The things it thinks you most want it to show?

So, remember you should question, every digital suggestion,
And the algorithm that gave it to you,
If you’re too reliant, on the internet giants,
Your data gives them power to abuse,
Don’t be under-represented, and never be contented,
With a story someone else has made for you,
Making your own contributions makes the data distribution,
More inclusive of your truth and point of view.

 

There is no such thing as 'offline' or 'online'

This is a topic that both I have other have written about for a while, but wanted to write a quick update with links to two relevant papers for conversations being had at AOIR. 

I was in a session beautifully titled 'When does IRL matter?', and the papers in it adopted a range of stances about digital metaphors and the spatiality of the digital. This was refreshing to see because in the conference some papers seemed to imply that the 'online' has some sort of ontologically real status: that it is place that you can transport yourself into. But papers in this session, such as those by Tim Jordan and Kat Braybrooke, rather discussed the hybrid ways that digital experiences intersect with lived practices (for instance by bringing in Doreen Massey's notion of 'power-geometries').

So I wanted to use that discussion to link to two papers that I've published on the topic. In them I argue that our relationship with geography is never 'online' or 'offline'. Any time we use digital tools and technologies, we are augmenting our world with data or algorithms. Or we are mediating our activities through digital tools. But there is never any 'space' that we can transport ourselves into that is 'online'. Imagining the world that way - with such unhelpful spatial metaphors - distracts us from the grounded material ways in which the digital is embedded in daily practice, augments and mediates spatial practice, is always 'real', but never allows us to transcend the messy politics of everyday life.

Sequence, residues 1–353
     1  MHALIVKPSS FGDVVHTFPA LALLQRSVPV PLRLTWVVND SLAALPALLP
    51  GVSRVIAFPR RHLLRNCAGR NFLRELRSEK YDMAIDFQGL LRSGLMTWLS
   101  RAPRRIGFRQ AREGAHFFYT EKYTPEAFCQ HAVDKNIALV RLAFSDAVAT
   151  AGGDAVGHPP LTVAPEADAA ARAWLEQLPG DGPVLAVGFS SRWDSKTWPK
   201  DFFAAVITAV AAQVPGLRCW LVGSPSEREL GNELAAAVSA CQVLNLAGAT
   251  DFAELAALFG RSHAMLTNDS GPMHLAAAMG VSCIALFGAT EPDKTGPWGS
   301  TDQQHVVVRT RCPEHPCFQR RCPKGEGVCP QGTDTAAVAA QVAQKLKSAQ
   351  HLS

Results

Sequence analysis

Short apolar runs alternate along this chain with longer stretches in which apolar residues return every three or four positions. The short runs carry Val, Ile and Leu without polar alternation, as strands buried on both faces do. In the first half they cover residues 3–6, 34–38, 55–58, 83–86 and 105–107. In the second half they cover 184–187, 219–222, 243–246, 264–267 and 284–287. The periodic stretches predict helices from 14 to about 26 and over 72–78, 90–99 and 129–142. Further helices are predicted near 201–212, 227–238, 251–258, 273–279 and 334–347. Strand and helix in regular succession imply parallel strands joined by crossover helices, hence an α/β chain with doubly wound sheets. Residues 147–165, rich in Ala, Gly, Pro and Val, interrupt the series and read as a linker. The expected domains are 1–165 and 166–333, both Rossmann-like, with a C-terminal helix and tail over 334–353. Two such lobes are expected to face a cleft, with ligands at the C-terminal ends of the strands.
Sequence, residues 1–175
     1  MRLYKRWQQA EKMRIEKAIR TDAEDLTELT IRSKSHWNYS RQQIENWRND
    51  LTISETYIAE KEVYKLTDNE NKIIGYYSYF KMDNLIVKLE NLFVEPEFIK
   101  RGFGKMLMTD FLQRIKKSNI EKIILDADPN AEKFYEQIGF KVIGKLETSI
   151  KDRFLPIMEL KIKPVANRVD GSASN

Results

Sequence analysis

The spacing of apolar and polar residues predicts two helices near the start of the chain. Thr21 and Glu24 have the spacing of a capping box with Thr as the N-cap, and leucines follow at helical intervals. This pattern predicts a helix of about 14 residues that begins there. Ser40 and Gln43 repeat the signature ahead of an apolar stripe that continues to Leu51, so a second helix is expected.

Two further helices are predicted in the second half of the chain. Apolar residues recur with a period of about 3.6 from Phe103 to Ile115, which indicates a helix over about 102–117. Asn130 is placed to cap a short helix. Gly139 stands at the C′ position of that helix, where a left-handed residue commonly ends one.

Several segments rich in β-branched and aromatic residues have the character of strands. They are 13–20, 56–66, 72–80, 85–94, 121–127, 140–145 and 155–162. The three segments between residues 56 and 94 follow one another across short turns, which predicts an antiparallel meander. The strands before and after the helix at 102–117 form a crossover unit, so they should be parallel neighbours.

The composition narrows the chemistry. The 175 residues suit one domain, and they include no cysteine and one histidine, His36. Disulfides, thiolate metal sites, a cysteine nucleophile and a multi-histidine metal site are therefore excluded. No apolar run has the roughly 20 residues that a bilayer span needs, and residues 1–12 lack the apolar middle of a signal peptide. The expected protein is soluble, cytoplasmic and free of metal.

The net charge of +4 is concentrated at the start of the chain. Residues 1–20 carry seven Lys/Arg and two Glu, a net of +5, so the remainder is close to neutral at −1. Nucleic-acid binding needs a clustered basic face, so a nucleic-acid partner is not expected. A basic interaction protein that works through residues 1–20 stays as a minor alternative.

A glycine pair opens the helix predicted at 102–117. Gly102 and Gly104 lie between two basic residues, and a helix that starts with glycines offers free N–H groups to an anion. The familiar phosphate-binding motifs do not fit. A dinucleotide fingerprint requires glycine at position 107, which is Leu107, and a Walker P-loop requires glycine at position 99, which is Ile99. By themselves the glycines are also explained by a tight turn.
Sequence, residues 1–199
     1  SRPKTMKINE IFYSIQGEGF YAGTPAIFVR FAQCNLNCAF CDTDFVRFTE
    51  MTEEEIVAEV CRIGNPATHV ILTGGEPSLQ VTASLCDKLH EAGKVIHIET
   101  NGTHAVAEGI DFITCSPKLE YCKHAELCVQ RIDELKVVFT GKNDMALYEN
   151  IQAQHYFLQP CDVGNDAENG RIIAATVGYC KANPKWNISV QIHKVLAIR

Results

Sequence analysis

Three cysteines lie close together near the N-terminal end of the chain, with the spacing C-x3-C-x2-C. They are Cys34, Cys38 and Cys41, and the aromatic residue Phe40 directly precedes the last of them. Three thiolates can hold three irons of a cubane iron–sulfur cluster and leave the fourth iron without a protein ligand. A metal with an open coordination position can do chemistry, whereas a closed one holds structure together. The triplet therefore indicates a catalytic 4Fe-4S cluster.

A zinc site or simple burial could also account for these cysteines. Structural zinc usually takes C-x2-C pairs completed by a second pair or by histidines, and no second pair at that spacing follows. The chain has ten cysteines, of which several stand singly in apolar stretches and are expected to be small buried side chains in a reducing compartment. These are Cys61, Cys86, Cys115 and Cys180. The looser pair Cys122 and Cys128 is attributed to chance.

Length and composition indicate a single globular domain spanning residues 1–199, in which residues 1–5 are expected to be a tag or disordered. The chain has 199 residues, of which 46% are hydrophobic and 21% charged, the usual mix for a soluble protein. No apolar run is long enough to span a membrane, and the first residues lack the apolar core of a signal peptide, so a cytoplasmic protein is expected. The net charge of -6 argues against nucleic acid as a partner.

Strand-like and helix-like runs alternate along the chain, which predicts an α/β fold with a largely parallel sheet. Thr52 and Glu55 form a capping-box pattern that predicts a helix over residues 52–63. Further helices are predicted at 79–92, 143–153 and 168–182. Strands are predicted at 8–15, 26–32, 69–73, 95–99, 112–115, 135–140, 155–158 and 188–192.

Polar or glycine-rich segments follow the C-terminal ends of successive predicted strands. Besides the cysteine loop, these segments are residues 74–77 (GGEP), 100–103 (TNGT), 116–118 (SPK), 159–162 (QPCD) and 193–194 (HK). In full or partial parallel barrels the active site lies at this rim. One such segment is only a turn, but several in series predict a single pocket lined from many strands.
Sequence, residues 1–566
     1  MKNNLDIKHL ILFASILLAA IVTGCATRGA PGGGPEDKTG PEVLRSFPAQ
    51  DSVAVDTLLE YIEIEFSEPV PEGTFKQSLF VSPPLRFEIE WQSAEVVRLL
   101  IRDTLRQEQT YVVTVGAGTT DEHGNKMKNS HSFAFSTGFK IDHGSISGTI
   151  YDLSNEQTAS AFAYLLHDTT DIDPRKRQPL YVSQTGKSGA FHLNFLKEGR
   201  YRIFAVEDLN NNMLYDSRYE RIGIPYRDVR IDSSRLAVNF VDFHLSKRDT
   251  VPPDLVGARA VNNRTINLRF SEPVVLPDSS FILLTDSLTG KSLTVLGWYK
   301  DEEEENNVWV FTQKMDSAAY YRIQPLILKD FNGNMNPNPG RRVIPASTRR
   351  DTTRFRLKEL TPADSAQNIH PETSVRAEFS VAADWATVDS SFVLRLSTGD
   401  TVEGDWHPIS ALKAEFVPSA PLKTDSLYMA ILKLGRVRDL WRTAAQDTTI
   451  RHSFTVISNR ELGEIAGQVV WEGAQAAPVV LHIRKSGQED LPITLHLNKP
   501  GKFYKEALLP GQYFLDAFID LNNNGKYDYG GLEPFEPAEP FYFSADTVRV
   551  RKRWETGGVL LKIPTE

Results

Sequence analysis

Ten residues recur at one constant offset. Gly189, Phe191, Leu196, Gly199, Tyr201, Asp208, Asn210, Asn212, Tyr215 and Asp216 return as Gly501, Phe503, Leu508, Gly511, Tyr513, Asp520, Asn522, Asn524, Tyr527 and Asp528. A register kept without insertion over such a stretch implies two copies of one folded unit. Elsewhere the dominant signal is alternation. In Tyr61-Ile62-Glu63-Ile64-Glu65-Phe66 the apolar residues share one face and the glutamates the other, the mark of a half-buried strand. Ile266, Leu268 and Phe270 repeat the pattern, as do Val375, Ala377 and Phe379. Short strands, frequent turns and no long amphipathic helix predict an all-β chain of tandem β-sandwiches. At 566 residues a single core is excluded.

I articulate this argument in much more detail in these two pieces:

Graham, M., M. Zook., and A. Boulton. 2013. Augmented Reality in Urban Places: contested content and the duplicity of code. Transactions of the Institute of British Geographers. 38(3), 464-479.

Graham, M. 2013. Geography/Internet: Ethereal Alternate Dimensions of Cyberspace or Grounded Augmented Realities? The Geographical Journal 179(2) 177-182.